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Faradays Law
Faraday's law of electrolysis states that the
amount of any substance that is deposited or
dissolved in electrolysis is directly proportional to
the total passed electric charge.
It can be expressed as
m is the mass of the substance liberated at an electrode in grams
Q is the total electric charge passed through the substance
F = 96,485 C mol1 is the Faraday constant
M is the molar mass of the substance
z is the valency number of ions of the substance (electrons transferred per ion).
Note that M / z is the same as the equivalent weight of the substance altered..
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Coulometer
The silver coulometer and copper coulometer are
commonly used ones.

If one mole of silver, 107.870 g, is deposited on
the cathode of a silver coulometer, we will know
that the quantity of electricity passed through
the coulometer is 1 coulomb.
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In solids, current is carried by electrons
In solutions, current is carried by ions
The definition of transport number t is that current
carried by ion B divided by the sum of the current of all the
ions in solution, which is also called the transference
number of ion B.


c
n I Q
t
I I Q Q n
+ + +
+
+ + +
= = = =
+ + +
v
v v
Transport Numbers
a
n I Q
t
I I Q Q n

+ + +
= = = =
+ + +
v
v v
n
c
and n
a
are the amount of substance of positive ions
migrate out from anodic region and that of negative
ions migrate out from cathodic region respectively.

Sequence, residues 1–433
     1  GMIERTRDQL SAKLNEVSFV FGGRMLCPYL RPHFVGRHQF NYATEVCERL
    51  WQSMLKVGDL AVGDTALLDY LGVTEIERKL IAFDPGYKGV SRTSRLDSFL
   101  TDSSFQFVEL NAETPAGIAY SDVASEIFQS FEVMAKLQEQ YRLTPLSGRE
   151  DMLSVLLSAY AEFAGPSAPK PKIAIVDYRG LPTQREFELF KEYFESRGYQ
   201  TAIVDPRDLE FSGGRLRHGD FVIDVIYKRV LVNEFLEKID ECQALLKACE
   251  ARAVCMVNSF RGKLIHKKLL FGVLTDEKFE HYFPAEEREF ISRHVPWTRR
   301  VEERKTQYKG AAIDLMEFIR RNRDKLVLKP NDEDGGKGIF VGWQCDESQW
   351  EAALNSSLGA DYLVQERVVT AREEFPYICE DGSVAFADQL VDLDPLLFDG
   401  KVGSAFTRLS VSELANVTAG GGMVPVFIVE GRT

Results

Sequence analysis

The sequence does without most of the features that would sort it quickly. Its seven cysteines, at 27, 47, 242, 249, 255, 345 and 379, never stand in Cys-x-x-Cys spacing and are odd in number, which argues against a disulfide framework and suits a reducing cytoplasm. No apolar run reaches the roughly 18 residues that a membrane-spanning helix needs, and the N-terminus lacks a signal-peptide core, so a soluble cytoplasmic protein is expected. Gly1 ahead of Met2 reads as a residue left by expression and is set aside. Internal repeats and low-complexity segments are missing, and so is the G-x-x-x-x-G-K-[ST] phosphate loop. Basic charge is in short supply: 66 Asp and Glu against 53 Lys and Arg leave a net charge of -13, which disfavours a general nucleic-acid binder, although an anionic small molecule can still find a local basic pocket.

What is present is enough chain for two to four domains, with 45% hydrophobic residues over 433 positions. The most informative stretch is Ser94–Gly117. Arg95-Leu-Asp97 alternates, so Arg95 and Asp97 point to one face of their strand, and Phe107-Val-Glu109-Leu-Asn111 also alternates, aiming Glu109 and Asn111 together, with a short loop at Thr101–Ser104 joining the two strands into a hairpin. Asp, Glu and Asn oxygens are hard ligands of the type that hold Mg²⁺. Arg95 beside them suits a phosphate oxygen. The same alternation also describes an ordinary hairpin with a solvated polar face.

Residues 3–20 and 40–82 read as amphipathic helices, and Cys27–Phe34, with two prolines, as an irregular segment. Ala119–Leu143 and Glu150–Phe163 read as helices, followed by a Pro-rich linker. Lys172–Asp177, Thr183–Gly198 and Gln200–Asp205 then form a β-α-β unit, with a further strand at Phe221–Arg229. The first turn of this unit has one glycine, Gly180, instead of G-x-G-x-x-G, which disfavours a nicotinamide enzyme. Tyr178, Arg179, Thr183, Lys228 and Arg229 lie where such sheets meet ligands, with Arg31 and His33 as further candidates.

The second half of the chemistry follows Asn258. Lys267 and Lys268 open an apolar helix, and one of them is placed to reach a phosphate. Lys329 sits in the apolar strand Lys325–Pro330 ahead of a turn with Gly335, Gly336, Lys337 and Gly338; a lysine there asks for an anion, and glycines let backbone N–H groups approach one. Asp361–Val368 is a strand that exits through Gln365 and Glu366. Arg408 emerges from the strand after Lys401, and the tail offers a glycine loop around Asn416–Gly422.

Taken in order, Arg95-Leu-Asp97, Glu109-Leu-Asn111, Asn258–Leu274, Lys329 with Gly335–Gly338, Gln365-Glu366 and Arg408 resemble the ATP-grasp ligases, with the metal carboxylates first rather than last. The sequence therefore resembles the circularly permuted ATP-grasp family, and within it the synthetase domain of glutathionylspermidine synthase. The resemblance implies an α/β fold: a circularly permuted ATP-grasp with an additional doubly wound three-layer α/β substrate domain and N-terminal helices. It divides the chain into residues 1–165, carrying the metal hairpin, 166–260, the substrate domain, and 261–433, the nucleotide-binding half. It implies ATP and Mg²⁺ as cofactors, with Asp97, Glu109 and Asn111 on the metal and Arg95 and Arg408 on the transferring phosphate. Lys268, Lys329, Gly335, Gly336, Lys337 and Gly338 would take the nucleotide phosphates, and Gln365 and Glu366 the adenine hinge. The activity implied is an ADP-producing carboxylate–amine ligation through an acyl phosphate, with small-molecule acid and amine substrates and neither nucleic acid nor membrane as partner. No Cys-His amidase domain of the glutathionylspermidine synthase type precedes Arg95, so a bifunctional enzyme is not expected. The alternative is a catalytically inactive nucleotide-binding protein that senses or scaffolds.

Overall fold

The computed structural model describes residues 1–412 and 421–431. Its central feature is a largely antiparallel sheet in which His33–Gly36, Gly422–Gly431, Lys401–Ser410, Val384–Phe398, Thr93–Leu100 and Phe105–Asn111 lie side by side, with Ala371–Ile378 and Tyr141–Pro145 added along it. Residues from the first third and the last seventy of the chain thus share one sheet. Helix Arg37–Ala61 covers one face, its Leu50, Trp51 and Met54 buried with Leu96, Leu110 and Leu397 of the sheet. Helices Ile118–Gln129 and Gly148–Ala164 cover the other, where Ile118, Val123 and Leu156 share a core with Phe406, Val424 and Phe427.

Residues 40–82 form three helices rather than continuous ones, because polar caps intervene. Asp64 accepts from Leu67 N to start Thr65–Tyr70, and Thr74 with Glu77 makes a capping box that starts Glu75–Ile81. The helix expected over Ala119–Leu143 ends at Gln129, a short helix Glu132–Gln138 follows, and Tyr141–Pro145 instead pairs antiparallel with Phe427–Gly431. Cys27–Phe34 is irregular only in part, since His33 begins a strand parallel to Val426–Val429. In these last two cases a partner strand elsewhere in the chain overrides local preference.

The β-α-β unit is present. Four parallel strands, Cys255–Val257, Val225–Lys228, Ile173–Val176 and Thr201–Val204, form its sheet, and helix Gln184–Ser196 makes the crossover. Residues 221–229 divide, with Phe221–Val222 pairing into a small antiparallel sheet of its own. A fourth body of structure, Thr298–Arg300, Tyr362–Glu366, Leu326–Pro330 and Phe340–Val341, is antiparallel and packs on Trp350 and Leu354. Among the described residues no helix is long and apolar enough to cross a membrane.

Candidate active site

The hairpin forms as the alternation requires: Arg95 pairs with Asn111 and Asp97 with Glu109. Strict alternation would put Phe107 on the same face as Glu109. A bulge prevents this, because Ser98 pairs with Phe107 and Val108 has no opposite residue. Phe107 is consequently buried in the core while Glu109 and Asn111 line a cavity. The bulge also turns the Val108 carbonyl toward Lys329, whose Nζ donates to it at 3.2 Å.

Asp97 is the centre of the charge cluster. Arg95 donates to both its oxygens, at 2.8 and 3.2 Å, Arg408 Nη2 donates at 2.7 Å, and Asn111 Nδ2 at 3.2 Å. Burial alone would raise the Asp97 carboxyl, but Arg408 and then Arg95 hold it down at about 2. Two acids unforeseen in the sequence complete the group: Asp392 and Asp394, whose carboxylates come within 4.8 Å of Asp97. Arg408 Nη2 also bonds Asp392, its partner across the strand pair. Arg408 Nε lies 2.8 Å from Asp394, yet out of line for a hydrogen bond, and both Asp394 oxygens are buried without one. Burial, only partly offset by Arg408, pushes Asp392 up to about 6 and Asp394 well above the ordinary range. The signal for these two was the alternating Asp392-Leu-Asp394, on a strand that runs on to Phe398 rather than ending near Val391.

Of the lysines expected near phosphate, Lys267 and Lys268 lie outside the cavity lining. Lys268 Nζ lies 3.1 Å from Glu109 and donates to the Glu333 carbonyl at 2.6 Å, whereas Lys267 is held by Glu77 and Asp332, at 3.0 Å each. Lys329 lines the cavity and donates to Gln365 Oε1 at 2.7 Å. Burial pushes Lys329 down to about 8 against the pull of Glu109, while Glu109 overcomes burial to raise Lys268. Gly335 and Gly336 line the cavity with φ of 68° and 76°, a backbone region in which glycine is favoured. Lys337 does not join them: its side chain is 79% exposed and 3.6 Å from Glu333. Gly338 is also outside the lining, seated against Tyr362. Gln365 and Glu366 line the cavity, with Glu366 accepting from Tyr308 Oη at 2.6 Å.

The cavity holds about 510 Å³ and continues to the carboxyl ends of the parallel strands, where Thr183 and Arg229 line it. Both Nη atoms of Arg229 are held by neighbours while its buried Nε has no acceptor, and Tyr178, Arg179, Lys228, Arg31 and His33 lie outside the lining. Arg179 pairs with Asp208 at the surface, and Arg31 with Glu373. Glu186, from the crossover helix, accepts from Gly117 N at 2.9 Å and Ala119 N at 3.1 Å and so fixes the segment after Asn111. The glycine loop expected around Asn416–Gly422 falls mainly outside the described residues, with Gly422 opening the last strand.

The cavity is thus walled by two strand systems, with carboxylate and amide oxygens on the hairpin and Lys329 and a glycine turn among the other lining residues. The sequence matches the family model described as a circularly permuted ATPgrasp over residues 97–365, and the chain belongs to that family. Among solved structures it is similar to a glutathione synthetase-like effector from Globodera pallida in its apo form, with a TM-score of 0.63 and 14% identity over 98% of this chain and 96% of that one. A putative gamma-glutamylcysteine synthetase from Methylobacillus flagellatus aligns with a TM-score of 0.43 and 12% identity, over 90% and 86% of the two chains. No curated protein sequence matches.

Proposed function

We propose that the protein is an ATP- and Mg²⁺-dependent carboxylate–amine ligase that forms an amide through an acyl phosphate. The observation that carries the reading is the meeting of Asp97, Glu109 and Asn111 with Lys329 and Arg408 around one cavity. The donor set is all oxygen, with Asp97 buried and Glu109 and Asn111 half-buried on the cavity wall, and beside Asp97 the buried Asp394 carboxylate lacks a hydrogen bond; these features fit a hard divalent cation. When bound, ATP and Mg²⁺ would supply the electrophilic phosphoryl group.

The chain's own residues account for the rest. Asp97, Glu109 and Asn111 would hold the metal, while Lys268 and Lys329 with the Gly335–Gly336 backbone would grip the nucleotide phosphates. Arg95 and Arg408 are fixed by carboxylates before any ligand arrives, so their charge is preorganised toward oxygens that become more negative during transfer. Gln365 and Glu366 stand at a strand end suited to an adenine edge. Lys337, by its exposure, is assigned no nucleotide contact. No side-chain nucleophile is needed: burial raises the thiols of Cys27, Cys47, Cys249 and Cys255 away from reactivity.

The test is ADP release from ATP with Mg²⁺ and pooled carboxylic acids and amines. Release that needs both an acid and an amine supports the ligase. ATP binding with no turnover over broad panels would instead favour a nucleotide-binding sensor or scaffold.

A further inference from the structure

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Suppose the boundary moves a distant x
from AA to BB for the passage of Q
coulombs. All the ions, H
+
, passed
through the boundary AA.
The amount of substances transported is
then Q/F, of which t
+
Q/F are carried by
the positive ion. If the volume between
the boundaries AA and BB is V, and the
concentration of HCl is c, then
/ t Q F Vc
+
=
FVc
t
Q
+
=
Measurement of Transport Numbers by
Hittorf Method
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An electrolyte is a substance that
produces ions when dissolved in water
AB

A
+
+ B
-



The presence of these ions enhances
the electrical conductivity of the
solution

Electrolytes
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Strong electrolytes ionize completely
when dissolved in water
Addition of strong electrolyte leads to a
large increase in the electrical
conductivity of the solution
Examples: HNO
3
, HCl, NaOH and salts
produced by neutralization of a strong
acid and strong base
Strong Electrolytes
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Incomplete ionization when dissolved in
water
K
AB
(aq)
A
+
(aq)
+ B
-
(aq)


Addition of weak electrolyte in solution
leads to some increase in conductivity
Examples: weak acids and bases such as
CH
3
COOH

Weak and Non-Electrolytes
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Soluble in water but do not dissociate
Addition of non-electrolyte lead to no
increase in conductivity
Examples: ethanol (C